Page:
exceeded $12.5 billion, growth of exports accelerated to 13.0 percent, workers' remittances increased to
$ 3.9 billion, the average interest rates fell to around 7.5 percent, and inflation rate has been around 4.6
percent during 2003-04. Real sector of the economy has also shown improved performance during the
year: GDP registered growth rate of 6.4 percent while the investment increased form 16.4 to 18.1 percent
of GDP.
form of contraction fiscal and monetary policies would help in narrowing the investment-
savings and the balance of payments gap2. Therefore, each of the IMF programs signed
since 1987-88 called for further reduction in the fiscal deficit, though without much

Fiscal deficit until the late 1990s has been in almost all the years in excess of 6
percent of GDP. In 1999-2000 it was still 6.6 percent of GDP. It has gradually
declined to 4.5 percent of GDP by 2002-03 and to 3.9 percent in 2003-04.3 While
there has been primary deficit upto 1995-96, it turned surplus in later years. During
2001-02, primary surplus was 2.5 percent of GDP, however, since then it has declined
to 1.3 percent.

The impact of fiscal deficit on the economy has been controversial. Keynesians maintain that
stimulation of aggregate demand in the presence of excess capacity and unemployment through
fiscal deficit results in higher levels of income and output. Neo-classicists believe that fiscal
deficits have adverse implications for savings and growth. The Ricardians believe that fiscal
deficits do not have any impact on growth.
The National Accounts base has been changed since 1999-2000. The fiscal deficit as per new base
declined from 3.7 in 2002-03 to 2.4 percent in 2003-04.
Table-1: Budgetary Deficit in Pakistan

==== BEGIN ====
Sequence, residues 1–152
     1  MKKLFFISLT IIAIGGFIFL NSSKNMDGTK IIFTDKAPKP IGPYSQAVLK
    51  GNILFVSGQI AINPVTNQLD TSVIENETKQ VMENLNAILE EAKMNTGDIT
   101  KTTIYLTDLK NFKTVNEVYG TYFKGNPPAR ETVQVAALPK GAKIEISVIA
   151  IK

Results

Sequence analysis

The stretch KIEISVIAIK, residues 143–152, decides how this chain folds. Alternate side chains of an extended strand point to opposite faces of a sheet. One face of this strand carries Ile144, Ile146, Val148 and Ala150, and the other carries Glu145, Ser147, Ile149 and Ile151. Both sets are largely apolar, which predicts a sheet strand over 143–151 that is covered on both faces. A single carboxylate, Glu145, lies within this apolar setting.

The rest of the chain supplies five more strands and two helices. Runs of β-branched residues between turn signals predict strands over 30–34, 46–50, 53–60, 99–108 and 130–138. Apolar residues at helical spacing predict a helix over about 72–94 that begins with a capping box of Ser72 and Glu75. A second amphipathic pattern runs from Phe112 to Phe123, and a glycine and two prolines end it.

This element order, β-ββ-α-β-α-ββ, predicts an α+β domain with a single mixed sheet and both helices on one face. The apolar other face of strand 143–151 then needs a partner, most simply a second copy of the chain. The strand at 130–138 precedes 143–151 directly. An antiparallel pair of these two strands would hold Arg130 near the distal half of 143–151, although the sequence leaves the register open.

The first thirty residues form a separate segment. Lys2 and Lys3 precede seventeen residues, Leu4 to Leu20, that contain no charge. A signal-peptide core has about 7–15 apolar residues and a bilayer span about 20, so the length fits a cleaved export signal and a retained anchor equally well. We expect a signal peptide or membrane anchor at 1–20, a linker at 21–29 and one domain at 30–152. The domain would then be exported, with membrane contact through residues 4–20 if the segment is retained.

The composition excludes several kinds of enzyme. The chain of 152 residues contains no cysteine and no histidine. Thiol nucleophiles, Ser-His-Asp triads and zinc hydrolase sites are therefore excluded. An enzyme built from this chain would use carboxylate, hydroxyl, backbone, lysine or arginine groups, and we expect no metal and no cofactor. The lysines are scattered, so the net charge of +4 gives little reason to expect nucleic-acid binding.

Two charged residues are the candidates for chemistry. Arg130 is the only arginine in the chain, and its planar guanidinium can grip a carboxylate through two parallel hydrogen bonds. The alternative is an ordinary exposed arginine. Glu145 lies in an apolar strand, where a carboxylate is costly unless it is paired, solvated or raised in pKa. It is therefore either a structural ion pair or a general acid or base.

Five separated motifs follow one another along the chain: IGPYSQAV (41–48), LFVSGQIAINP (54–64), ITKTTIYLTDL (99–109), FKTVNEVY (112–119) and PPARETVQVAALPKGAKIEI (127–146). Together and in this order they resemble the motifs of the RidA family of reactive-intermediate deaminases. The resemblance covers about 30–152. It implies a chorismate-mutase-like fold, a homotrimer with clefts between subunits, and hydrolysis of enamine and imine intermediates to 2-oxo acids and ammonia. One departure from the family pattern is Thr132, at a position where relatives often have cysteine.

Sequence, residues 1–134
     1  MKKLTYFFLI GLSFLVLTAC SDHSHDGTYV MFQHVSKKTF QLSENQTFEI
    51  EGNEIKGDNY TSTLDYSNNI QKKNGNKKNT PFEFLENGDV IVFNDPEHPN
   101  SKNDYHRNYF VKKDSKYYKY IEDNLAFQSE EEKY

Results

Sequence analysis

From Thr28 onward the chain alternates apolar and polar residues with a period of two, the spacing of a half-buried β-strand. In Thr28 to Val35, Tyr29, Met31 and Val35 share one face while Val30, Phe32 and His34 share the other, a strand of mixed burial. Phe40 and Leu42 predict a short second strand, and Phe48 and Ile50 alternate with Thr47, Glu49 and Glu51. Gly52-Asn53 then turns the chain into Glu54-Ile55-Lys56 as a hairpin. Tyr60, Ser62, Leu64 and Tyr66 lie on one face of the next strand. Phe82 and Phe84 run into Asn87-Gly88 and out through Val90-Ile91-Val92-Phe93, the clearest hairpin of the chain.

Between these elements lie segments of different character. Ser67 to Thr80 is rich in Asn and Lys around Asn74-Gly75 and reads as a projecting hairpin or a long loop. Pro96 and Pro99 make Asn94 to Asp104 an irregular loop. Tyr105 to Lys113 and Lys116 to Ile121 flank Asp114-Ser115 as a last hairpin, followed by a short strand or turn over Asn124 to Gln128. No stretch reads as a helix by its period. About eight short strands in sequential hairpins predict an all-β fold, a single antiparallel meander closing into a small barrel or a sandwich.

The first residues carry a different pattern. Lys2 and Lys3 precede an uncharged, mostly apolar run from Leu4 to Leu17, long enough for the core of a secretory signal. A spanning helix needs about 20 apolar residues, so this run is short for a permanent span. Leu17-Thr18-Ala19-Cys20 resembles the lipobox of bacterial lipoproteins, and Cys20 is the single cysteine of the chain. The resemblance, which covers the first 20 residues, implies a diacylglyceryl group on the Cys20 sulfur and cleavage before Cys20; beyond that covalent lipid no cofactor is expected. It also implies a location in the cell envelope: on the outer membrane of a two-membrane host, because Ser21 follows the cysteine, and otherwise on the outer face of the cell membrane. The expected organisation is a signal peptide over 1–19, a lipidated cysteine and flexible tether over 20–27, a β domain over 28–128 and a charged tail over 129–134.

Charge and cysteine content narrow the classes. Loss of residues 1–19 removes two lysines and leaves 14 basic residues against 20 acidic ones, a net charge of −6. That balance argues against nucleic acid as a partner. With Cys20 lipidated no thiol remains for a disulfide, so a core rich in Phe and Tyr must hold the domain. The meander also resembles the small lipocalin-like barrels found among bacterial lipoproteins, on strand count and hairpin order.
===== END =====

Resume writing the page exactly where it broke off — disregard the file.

(as percentage of GDP)

Public Expenditures
Total Tax Total Non- Interes Develo Budgeta Prima
Reven Revenu Develo t p- ment ry ry
ues es p-ment Payme Deficits Deficit
1987-88 17.3 13.8 26.7 19.8 6.9 6.9 8.5 1.6
1990-91 16.9 12.7 25.7 19.3 4.9 6.4 8.8 3.9
1995-96 17.9 14.4 24.4 20.0 6.2 4.4 6.5 0.3
1998-99 15.9 13.2 22.0 18.6 7.5 3.4 6.1 -1.4
1999-00 16.3 12.9 22.5 19.9 8.3 2.6 6.6 -1.7
2000-01 16.2 12.9 21.0 18.9 7.3 2.1 5.2 -2.1
2001-02 17.2 13.2 22.8 19.3 7.1 3.5 5.2 -2.5
2002-03 17.7 13.6 22.2 19.8 5.9 3.2 4.5 -1.4
2003-04 18.0 13.7 21.9 17.7 5.2 3.5 3.9 -1.3

Source: Pakistan Economic Survey and Supplements, various issues and Annual Report
of State Bank of Pakistan, 2003-04.

A number of factors have been responsible for the decline in the fiscal deficit
during 2002-03 and 2003-04. These include debt reprofiling, slow growth of public debt,
decline in the interest rates, reduction in development expenditure, and an increase in the
non-tax revenues.4 Whereas reduction in fiscal deficit is quite welcome, it needs to be
underscored that it has been due to reduction in the public expenditure rather than an
increase in resource mobilization. Tax-GDP ratio in 2003-04 is a little lower than in 1987-
88, while total Revenue-GDP ratio shows slight improvement. However, public
expenditure declined sharply from 26.7 to 21.9 percent. Whereas non-development
expenditure has remained somewhat constant up to 2002-03, there has been sharp decline
in development expenditure. The development expenditures help in improving physical
infrastructure and social services such as primary education, basic health care, safe water
and sanitation which in turn helps in the growth of output and employment generation. The
declining level of public expenditure especially development expenditure, therefore, has
serious implications for the economy. The public expenditure will have to be increased and
unless there is resource mobilization, the fiscal deficit would start increasing once again.
We may also note that though overall fiscal deficit has declined, the deficit on current
account hardly shows any decline.
With the rising interest rates both within the country and outside, increase in
public expenditure, the instability in non-tax revenues, and the declining impact of the
debt rescheduling on fiscal situation there is a need for a bolder strategy for reduction in
The tax-GDP ratio, however, has remained somewhat constant.
the fiscal deficit and the only viable solution for reduction in the fiscal deficit is resource
mobilization by making the tax structure elastic.
Whereas over the 1990s the direct tax structure was marred by withholding taxes
that made most of such taxes essentially an indirect tax, the replacement of such taxes
with the proper income taxes would help in improving the elasticity of the tax structure.